"You're doing your thing, aren't you?" He heard Rose say. "You've stopped your breathing."

"Yes, but I can only do this for so long. I WILL die if he doesn't quit this experiment soon."

"You cheated!" The Vedan said and the plastic cover was withdrawn from around him. He let himself breathe. "You cheated. You have respiratory bypass!"

"It is a natural function of my species," he said. "Cheating doesn't come into it."

"The experiment is invalid. There was no sacrifice. You knew you could cheat death."

"What did you expect him to do?" Rose shouted at the Vedan. "You really expect him to die, just so that you can prove a point? He's The Doctor. He's turned better aliens than you into space dust. No matter how much he loves me, he wouldn't waste his life for THIS!"

"I would, Rose," The Doctor told her. "Yes, I would. Because it IS my fault you're here. I have to save you if I can. I made my choice centuries ago to live this life. But you came with me on a whim, because my life looked more attractive than the one you lived. So yes, if my death saves your life, even for such a ridiculous reason…"

"You will NOT cheat this time!" the Vedan screamed at him. "Even one of YOUR kind will die without brain functions." The Vedan pressed a button and The Doctor felt himself pressed back onto the table again as the gravity pressed down. His head was locked into position facing straight up into the blinding overhead light. He saw a panel open above him and a probe begin to decend. Probe? It looked more like an electric drill. And it was aimed directly at his forehead. Above the whine of the instrument he could hear Rose screaming but the focus of his attention was on the drill as it came towards him. The Vedan was correct. He WOULD be killed when that thing bored through his skull and into his brain. And he had no tricks that could get him out of this one. It was correct about that, too. He really was facing death squarely this time. He closed his eyes. He didn't want to see it. He didn't want to lose his nerve at the last moment and scream. He wouldn't give his enemy the satisfaction. He just wished his death could have had a little more purpose than this.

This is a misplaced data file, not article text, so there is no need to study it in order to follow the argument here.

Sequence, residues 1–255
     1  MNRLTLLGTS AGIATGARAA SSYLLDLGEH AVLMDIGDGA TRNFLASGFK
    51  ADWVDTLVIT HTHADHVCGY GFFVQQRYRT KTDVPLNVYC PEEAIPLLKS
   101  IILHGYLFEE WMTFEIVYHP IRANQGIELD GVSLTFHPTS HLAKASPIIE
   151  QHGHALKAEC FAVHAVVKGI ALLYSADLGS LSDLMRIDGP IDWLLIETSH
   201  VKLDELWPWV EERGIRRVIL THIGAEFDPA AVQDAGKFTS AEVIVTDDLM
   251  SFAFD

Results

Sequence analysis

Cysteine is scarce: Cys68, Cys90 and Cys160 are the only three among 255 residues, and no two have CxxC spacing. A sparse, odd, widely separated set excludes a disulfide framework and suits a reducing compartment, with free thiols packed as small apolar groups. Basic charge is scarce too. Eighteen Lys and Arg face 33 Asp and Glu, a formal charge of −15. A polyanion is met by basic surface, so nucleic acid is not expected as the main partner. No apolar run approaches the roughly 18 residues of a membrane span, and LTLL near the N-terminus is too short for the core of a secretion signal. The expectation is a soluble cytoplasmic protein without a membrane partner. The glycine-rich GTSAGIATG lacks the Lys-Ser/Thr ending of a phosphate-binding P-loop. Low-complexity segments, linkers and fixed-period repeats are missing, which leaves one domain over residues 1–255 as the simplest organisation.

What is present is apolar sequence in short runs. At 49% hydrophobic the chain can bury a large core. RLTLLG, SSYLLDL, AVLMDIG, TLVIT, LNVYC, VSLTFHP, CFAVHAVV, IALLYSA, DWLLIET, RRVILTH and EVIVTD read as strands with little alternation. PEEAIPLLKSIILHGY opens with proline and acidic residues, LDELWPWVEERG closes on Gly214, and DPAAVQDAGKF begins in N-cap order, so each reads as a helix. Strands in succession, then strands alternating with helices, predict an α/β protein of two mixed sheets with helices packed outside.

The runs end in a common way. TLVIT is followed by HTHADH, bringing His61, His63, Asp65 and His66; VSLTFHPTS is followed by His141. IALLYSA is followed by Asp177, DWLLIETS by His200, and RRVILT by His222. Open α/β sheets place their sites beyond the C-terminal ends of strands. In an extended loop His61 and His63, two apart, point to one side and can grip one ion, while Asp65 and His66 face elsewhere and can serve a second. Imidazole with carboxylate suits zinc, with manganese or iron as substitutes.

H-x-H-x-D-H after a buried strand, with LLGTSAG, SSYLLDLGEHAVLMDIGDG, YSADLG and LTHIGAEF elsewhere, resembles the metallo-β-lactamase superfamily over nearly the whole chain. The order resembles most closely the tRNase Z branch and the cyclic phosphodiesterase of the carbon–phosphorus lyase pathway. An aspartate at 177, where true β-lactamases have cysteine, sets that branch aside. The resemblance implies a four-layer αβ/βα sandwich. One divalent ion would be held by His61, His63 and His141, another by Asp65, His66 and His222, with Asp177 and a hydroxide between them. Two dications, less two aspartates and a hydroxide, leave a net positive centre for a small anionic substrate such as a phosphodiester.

"No!" Rose screamed. "No, you can't kill him. He's important. The universe needs him. He helps people. He saves people from harm. He can't die. I'm not important. I'm just… just a shop girl. Just ordinary. If you want to kill somebody to prove your damn point, then kill me. I'll give my life for his. Let HIM go."

The Doctor opened his eyes. The drill had stopped millimetres from his head. The Vedan had stopped it.

"Very well," The Vedan said. "The experiment is equally valid if the sacrifice is made by the other."

"No," he screamed out as he heard another drill above the table Rose was strapped to begin to descend. He felt her fear. He heard her murmur prayers that she had learnt years ago in school assembly and which seemed utterly inadequate now. He felt the gravitational pressure on his body released. Cruelly, he was now able to turn his head, if he wanted, to see the drill bore into her head, to see blood and bone and brain tissue spurting out over her beautiful face.

He didn't want to. He only wished he could shut off the horrible sound. He heard the squeak as it cut into her flesh. He heard her cry out in pain and in his head she told him she loved him before her brain shut down. His own anguished cry rang loud in the air. She was dead. He was alone. She had sacrificed herself to save him.

Or so she had believed. But he was still a prisoner. It had been for nothing.